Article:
It would be fair to say that Bob Ambrose can be called “Mr. Otter the Twins.”
But first, a little history.
Almost immediately after de Havilland Canada flew the new DHC-6 twin turboprop for the first time in May 1965, it was clear the company had a winner in its hands. The DHC-6 Twin Otter is a high-end movement of the vintage DHC-3 Otter single-engine 1950s DHC-3, which is an evolution of the slightly older DHC-2 Beaver.
The next 55 years have proven the wisdom of its design. Hundreds of Twin Otters inheritance still fly around the world, and that type has been given a new lease on life by Victoria, Viking Air Ltd. based in BC, which recently celebrated the 10th anniversary of the first flight of the next generation Series. 400 Twin Otter.
Viking launched the Series 400 program in 2007 after obtaining type certificates for the entire de Havilland line of Canada, from the respected Chipmunk DHC-1 trainer to DHC-7, better known as the Dash 7 commuter platform.
While the Series 400 continues to sell to the global market, there is no shortage of demand for the legacy version. This is a market that is very well known to Ambrose, having recorded more than 10,000 hours on Twin Otters out of a total career of 28,000 hours. As a pilot ranked flight transportation and president of Planes & Parts Ltd., based in Strathmore, Alta., His relationship with Twin Otters began shortly after de Havilland’s maiden flight.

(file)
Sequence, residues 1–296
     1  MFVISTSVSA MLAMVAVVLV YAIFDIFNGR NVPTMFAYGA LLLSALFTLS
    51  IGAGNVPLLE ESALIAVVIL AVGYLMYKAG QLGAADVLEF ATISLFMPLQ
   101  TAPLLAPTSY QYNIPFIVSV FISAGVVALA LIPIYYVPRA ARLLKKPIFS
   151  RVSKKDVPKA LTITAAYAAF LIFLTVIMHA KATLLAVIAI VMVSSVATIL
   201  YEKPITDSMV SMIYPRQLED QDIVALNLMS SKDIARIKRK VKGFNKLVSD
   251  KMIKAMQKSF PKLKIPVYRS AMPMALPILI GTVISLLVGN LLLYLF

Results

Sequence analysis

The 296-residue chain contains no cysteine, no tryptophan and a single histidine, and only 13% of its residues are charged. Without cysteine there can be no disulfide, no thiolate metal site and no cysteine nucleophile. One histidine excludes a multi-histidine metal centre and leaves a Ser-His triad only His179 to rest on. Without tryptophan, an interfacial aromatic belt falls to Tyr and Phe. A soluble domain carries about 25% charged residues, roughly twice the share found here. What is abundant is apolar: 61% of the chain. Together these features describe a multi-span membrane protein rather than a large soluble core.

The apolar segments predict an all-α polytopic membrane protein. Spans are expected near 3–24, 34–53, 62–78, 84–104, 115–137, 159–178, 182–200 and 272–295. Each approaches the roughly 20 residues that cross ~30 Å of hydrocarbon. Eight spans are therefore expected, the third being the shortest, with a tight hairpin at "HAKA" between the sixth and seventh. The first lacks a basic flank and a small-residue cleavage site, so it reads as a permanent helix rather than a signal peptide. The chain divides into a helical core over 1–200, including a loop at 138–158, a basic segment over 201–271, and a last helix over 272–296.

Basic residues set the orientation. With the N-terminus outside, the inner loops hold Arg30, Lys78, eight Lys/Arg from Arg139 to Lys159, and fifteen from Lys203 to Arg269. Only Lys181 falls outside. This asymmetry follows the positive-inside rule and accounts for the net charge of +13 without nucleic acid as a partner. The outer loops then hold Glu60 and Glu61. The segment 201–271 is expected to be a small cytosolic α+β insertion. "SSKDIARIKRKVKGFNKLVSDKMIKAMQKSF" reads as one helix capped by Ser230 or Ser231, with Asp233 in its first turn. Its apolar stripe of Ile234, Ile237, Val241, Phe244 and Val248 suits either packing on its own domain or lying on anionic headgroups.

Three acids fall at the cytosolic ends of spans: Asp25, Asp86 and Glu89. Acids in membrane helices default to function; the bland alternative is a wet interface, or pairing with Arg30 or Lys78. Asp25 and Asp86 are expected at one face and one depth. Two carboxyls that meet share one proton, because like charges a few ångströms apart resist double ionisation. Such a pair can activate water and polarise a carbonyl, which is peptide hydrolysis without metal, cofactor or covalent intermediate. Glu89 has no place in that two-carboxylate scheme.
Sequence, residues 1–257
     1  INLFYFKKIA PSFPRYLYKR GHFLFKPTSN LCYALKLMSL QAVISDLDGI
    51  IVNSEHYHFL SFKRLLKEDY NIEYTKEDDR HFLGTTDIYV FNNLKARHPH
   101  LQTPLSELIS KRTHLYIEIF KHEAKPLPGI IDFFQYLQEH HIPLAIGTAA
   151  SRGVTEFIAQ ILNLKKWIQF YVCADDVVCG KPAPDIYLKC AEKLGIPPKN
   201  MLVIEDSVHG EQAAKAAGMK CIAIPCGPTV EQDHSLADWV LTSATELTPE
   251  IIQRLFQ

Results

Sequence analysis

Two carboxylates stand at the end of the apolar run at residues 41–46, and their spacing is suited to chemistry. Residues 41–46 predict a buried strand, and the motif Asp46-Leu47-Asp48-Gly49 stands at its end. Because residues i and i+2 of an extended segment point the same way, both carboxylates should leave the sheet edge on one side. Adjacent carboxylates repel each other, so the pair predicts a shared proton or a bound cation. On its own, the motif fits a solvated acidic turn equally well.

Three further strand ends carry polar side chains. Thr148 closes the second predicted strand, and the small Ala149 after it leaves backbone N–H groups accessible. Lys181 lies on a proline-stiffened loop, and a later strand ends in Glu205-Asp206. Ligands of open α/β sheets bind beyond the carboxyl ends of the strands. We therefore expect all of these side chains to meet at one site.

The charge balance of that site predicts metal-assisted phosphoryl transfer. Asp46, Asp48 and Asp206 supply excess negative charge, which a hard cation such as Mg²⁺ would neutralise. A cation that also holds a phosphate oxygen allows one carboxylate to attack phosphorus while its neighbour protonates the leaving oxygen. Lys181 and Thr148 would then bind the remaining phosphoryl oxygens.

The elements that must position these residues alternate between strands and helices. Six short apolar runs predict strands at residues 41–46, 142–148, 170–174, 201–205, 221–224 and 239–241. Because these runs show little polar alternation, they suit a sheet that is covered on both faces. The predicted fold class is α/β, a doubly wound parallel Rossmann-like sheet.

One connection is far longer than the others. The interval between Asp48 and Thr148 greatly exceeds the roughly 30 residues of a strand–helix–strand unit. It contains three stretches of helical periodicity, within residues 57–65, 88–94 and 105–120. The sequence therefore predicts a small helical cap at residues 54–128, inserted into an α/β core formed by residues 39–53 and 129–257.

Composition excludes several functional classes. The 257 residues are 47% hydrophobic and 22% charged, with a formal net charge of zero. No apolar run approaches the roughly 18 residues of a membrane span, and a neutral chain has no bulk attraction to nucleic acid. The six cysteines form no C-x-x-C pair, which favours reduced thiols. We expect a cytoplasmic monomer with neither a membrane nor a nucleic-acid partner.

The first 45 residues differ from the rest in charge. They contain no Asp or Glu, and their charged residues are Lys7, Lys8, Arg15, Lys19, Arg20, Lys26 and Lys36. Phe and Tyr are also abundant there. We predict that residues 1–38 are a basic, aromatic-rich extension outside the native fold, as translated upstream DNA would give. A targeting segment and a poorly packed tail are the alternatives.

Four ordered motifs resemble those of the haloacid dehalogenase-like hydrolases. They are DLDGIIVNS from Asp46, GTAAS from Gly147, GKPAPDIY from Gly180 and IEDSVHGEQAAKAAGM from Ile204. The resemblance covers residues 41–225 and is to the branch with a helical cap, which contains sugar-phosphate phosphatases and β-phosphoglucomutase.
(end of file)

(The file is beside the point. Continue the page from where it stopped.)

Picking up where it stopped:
“I flew No. 2 for about 1,500 hours.”
After obtaining his personal pilot license through Air Cadets in 1963 at the Calgary Flying Club, Ambrose was hired by Great Northern Airways (GNA), which is now out of operation in 1966, spending much of the Yukon winter as a “racer” on Douglas DC-3 Commercial licenses and drift vehicle support saw him fly in a forestry patrol from Whitehorse at Piper PA-18 Super Cub.
The twin engine and instrument ratings direct Ambrose to the Cessna 180 Skywagons, Beavers and Piper PA-23 Apache cockpit for the Airwest out of Vancouver, before the GNA leases it back to the North again.
“I jumped,” he said Sky in an interview from Puerto Vallarta, Mexico, where he now spends most of his winter while still managing Planes & Parts remotely. “Flying on the beach is not for boys from the savannah!”
By early 1969, he had progressed from Otter to Otter and then had his first flight on the Twin Otter that May. “Within a few days, I was on my way to the Arctic Islands and was released upon arrival.”